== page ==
Colusa city campaign conflict boils over
Colusa Councilwoman Kay Hosmer's temper may have gotten the better of her this week — only days before Tuesday's election.
Hosmer, seeking a third term on the council, confronted Blanca Dahlstrom about the "No on Kay" campaign at her Sew-and-Things business on Market Street.
Dahlstrom called police after the brief exchange which she has described to them as hostile. Hosmer described it as civil, but very emotional, the police said.
No one else was present at the time of the exchange, so exactly what was said is not known. Police said the two women apparently have some kind of history, but they are not sure what that is.
What they do have is an incident with two very different versions of what happened.
Hosmer has been advised by police, however, not to return to the shop in the future, but no criminal action is being taken, police officials said.
A call to Dahlstrom was not returned. An unreturned message also was left for Hosmer.
At the root of the disagreement is the sign campaign to vote Hosmer off the council.
The signs have Hosmer's name printed in a circle with a line through it.
They have popped up around town with a workforce of helpers — some with personal issues against Hosmer, and others who strongly oppose her support of former City Manager Jan McClintock and her support of the Mark Mayuga economic development contract.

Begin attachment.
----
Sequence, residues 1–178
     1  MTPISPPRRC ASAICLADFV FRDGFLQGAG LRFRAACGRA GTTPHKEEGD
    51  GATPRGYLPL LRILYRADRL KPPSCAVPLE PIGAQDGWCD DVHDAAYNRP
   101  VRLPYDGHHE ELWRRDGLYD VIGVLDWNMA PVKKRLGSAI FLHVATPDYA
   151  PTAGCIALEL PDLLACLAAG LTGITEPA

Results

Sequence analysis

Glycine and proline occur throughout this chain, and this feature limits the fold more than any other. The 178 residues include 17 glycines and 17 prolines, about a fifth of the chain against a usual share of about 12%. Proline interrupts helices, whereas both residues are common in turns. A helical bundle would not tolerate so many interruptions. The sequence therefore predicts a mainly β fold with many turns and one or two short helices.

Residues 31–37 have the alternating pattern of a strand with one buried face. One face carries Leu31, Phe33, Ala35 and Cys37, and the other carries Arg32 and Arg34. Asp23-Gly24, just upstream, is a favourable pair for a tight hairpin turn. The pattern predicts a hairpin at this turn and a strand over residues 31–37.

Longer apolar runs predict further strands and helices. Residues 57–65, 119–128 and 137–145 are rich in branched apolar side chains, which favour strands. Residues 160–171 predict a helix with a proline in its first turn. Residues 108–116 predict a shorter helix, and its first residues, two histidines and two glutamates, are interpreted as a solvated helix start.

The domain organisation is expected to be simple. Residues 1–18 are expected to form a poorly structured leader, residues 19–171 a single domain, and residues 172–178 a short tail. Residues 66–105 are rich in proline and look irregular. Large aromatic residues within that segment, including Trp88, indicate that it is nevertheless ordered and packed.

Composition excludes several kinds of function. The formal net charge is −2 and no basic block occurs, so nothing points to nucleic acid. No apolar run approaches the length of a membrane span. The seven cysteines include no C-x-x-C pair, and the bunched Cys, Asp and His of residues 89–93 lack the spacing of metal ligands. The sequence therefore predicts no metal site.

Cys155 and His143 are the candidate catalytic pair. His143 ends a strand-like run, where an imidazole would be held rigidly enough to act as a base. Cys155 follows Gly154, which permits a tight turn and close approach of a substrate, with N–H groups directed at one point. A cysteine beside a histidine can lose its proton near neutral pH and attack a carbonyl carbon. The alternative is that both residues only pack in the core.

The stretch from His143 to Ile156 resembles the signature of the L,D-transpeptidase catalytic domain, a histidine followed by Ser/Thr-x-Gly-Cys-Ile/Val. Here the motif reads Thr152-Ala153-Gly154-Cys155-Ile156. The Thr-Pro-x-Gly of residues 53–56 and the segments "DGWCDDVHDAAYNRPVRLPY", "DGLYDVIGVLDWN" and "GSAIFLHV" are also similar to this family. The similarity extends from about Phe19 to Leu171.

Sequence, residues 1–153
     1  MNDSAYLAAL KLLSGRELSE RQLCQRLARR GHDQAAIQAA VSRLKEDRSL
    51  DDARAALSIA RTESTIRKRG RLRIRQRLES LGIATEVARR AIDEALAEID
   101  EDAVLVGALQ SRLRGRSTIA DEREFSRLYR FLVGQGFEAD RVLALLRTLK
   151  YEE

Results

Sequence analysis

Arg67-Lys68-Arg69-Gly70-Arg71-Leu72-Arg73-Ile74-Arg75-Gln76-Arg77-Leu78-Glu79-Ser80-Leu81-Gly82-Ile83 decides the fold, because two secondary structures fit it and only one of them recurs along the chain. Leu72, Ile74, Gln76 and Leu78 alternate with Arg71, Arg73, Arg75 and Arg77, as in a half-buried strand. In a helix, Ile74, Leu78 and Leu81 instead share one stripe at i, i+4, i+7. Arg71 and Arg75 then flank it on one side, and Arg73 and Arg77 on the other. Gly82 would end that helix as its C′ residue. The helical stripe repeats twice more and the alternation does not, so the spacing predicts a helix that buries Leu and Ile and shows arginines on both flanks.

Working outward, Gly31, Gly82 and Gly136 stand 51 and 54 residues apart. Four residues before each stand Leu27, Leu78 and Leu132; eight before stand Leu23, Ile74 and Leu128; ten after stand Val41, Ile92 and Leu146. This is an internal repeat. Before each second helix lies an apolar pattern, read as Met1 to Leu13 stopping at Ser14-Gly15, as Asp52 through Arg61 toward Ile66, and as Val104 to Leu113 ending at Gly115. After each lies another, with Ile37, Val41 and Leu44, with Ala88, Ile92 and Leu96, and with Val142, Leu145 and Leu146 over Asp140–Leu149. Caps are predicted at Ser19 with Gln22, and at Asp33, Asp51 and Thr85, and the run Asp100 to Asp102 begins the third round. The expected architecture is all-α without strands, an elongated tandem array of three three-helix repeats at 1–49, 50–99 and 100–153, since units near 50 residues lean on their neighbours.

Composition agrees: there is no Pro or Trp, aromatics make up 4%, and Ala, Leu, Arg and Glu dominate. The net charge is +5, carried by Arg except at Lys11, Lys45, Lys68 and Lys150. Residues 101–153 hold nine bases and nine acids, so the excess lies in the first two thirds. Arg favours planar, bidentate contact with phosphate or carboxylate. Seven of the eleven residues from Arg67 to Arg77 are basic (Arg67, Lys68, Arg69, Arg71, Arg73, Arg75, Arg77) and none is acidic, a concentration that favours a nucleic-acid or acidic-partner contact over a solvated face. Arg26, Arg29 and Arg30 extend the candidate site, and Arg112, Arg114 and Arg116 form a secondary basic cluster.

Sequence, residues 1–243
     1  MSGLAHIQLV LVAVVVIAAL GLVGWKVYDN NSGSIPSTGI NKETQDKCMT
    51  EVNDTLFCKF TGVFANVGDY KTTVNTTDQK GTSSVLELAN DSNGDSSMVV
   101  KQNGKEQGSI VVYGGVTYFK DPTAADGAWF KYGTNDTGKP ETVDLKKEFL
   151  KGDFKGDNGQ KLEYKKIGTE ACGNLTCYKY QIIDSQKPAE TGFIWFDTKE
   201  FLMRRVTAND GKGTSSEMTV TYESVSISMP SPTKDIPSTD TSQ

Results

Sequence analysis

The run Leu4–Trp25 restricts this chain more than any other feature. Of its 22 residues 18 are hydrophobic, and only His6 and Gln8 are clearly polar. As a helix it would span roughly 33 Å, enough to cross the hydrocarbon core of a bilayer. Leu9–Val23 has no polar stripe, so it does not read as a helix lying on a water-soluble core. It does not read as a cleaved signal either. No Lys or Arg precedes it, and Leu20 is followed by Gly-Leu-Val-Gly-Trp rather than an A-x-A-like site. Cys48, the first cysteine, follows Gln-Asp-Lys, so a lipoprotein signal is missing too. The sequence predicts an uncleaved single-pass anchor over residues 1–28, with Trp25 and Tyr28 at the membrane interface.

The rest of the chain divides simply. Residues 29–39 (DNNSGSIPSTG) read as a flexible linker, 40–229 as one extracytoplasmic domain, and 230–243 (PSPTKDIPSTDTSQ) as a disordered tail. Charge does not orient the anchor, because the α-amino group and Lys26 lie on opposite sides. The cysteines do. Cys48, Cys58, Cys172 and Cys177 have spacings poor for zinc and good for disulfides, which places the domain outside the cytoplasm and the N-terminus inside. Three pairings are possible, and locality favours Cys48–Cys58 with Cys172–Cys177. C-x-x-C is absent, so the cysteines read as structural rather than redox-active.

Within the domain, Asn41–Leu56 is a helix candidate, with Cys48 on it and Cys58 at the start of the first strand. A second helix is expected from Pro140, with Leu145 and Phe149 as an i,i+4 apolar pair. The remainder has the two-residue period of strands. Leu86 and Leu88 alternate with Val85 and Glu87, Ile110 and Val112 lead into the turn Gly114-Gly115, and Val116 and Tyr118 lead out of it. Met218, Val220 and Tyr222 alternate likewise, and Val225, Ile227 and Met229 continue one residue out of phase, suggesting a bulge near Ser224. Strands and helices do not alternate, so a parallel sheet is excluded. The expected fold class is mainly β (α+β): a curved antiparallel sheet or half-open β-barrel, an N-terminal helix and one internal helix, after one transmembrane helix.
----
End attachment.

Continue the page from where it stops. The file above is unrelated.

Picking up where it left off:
It was the second time police have been involved in the "Sign-Gate" controversy, the first being when Hosmer approached them about what she believed to be illegal political signs, and in the police office at the same time, Jackie Wisler — a vocal opponent of Hosmer — complained that the councilwoman was illegally taking the signs down.
"I determined the signs were not illegal, and I determined who is behind the sign campaign, and the signs were returned to the owner," Police Chief Ross Stark said.
Dahlstrom is the person who started the campaign.
It is not the first time law enforcement has been involved with Hosmer and Wisler, either.
The District Attorney's Office opted not to act on a criminal complaint filed by Hosmer against Wisler when the councilwoman claimed she had been elbowed by Wisler following a council meeting on April 3.
Those kind of personal edges have been a big part of the recent sign campaign as well, and have involved at least one other candidate.
Councilman Kirk Kelleher has openly involved himself in the sign campaign, posting one at his residence and on his truck. He also has made it clear that if he and Hosmer are re-elected to the council, he'll try to avoid her as much as possible.
Hosmer feels the same way about Kelleher, stating in an interview that there is no reason to work with him if he, as she contends, is not willing to live up to all of his responsibilities by attending committee meetings and community events.
The other candidates, Marilyn Acree, Christopher Fantl, Mayor Pat Landreth and Greg Ponciano have stayed out of the fray, though Fantl has said he believes the sign campaign is wrong.